Remarkably, however, the Republicans despite the registration disadvantage they face, have succeeded in holding onto most of the county’s elective offices they controlled in their heyday. This has largely occurred because Republicans turn up to vote in far higher percentages than do Democrats nationally, statewide and particularly locally. In San Bernardino County, as well, the party structure the Republicans have has proven far more energetic, efficient and engaged than the local Democratic Party. The Republicans have proven far more effective at raising money than the Democrats and have more experience and are therefore more accomplished in employing the money they have to run convincing and targeted campaigns to drive Republican voters to the polls and wage efforts against their Democratic opponents. At present, four of the five members of the county board of supervisors are Republicans and in 16 of the county’s 24 municipalities there are more Republican members of the city or town councils than Democratic members. Historically, the Republicans have done a far better job at hitching all of their horses up to one side of the wagon and pulling the load in a concerted direction than the Democrats, who have a pattern of working at cross purposes to one another. Until quite recently, the Republicans have lived by the 11th Commandment, “Thou shalt not speak ill of a fellow Republican.”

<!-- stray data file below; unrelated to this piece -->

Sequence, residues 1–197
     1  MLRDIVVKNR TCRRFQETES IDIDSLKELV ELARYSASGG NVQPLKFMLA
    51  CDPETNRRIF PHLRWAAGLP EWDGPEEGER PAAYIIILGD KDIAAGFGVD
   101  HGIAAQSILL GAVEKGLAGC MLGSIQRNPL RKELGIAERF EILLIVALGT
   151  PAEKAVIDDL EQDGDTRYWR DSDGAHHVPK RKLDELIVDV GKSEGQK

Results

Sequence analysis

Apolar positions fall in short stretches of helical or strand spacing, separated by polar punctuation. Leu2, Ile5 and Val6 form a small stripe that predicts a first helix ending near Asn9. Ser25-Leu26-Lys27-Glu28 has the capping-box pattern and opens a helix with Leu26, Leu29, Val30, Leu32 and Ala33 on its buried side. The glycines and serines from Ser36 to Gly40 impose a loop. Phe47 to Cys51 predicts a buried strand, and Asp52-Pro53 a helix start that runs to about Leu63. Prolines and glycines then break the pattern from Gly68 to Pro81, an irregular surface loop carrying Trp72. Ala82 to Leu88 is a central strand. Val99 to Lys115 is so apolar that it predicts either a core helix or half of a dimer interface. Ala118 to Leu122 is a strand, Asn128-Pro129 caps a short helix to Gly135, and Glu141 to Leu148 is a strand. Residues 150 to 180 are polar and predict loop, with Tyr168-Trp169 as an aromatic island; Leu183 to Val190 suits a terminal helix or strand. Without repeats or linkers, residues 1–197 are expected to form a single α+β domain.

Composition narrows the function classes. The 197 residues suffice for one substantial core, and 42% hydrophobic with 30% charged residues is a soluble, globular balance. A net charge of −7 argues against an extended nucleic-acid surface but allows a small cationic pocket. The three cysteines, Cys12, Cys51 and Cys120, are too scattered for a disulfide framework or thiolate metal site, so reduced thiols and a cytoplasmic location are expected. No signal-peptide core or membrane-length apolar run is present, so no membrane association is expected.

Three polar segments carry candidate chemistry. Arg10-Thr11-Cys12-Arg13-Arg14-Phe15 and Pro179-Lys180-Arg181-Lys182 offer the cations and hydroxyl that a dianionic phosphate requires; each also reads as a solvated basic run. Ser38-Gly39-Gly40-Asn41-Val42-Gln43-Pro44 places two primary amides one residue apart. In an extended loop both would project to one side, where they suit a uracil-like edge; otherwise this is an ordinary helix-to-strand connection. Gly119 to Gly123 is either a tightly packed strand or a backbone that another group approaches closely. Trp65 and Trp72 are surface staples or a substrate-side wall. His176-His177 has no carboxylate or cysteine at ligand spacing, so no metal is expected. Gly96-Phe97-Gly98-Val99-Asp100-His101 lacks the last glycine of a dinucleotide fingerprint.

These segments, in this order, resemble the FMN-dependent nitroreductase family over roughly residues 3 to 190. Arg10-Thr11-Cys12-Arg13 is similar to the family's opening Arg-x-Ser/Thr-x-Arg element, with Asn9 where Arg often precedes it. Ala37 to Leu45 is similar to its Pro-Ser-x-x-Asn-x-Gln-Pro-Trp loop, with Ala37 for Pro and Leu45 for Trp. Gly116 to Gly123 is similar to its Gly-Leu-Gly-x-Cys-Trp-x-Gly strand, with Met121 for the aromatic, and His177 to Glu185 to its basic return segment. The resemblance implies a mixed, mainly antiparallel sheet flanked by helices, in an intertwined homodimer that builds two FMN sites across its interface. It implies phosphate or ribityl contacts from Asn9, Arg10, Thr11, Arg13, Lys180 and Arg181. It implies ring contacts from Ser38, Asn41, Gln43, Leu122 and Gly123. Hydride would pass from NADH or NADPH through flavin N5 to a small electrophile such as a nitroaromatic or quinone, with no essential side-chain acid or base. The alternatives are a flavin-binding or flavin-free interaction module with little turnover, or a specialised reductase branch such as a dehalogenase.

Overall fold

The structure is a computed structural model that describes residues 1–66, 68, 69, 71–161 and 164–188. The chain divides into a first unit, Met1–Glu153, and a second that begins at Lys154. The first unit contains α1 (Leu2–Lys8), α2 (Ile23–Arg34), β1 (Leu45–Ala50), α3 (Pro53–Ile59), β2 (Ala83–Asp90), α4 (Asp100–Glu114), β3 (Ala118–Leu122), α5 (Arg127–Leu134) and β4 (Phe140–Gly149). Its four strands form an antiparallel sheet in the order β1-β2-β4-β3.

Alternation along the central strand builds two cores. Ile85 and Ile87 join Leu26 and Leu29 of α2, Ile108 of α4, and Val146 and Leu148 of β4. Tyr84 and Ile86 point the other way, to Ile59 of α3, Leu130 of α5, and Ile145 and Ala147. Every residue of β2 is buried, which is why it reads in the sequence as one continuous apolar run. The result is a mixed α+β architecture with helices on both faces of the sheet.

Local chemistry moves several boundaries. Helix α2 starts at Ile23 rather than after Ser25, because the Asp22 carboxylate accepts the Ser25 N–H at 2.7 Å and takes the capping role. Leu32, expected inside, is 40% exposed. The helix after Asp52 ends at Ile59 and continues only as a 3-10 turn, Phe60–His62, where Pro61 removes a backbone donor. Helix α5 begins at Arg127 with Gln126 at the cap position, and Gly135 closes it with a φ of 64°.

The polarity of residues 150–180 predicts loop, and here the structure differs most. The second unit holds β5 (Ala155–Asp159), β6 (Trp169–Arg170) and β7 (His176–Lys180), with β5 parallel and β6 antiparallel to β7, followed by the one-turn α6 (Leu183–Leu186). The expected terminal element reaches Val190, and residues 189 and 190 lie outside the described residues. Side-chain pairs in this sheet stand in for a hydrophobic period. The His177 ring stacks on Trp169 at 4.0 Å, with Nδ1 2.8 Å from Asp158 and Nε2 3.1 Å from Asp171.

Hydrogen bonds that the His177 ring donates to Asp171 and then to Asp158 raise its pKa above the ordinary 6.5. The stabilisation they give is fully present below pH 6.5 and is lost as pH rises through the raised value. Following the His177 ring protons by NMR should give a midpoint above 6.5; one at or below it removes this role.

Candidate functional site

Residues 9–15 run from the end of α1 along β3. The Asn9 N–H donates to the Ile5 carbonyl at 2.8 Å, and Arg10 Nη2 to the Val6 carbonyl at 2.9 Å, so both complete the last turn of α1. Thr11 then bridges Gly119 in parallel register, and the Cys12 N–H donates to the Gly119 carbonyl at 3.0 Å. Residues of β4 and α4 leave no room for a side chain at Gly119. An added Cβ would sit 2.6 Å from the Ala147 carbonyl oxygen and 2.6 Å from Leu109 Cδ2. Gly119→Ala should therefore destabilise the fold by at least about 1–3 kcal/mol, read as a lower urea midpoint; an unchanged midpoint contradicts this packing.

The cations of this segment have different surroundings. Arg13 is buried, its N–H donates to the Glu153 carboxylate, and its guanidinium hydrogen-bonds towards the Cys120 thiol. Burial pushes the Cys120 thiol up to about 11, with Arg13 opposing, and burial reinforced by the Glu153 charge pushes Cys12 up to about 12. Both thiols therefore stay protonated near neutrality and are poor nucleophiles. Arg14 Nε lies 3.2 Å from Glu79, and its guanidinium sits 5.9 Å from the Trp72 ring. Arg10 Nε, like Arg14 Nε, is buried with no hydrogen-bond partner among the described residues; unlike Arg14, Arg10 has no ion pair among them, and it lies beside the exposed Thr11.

Beginning in 2013, however, a minor rift in the county GOP opened when Curt Hagman, then a member of the California Assembly who was to be termed out of the statehouse after what was to be the end of his sixth year in state office in 2014, settled on perpetuating his political career by running for Fourth District county supervisor, representing Chino Hills, Chino, Ontario, Montclair and south Upland. The Fourth District supervisorial post he coveted was at that time occupied by another Republican, Gary Ovitt. Refusing to honor Ovitt’s incumbency, Hagman threatened to challenge him for the supervisor’s seat. To strengthen himself for that run, Hagman in late 2013 moved to depose Robert Rego as the chairman of the San Bernardino County Republican Central Committee and assume the position himself. Rego had done yeoman’s work for the county Republican Party, raising funds and creating a well-oiled and maintained political machine to promote the candidacies of Republican candidates throughout the county. By pushing Rego out, Hagman was able to seize command of local party operations and cut Ovitt off from party support, and instead direct that assistance to his own campaign. Ovitt opted out of seeking reelection. Hagman achieved victory in 2014, running successfully for Fourth District supervisor against Gloria Negrete-McLeod, then an incumbent Democratic congresswoman.